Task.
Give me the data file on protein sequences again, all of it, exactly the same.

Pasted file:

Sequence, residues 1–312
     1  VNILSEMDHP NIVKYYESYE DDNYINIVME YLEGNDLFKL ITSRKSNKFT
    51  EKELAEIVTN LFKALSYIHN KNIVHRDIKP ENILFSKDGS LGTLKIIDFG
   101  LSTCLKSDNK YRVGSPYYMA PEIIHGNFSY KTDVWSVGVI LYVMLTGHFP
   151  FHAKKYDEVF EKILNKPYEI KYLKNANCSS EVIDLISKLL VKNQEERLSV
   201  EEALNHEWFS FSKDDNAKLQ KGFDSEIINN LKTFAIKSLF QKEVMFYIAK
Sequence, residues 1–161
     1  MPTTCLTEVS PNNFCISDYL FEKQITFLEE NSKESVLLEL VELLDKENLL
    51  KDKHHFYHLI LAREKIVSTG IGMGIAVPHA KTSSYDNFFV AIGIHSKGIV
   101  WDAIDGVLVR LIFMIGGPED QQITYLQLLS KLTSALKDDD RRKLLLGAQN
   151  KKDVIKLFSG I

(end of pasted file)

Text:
Sequence, residues 1–312
     1  VNILSEMDHP NIVKYYESYE DDNYINIVME YLEGNDLFKL ITSRKSNKFT
    51  EKELAEIVTN LFKALSYIHN KNIVHRDIKP ENILFSKDGS LGTLKIIDFG
   101  LSTCLKSDNK YRVGSPYYMA PEIIHGNFSY KTDVWSVGVI LYVMLTGHFP
   151  FHAKKYDEVF EKILNKPYEI KYLKNANCSS EVIDLISKLL VKNQEERLSV
   201  EEALNHEWFS FSKDDNAKLQ KGFDSEIINN LKTFAIKSLF QKEVMFYIAK
Sequence, residues 1–161
     1  MPTTCLTEVS PNNFCISDYL FEKQITFLEE NSKESVLLEL VELLDKENLL
    51  KDKHHFYHLI LAREKIVSTG IGMGIAVPHA KTSSYDNFFV AIGIHSKGIV
   101  WDAIDGVLVR LIFMIGGPED QQITYLQLLS KLTSALKDDD RRKLLLGAQN
   151  KKDVIKLFSG I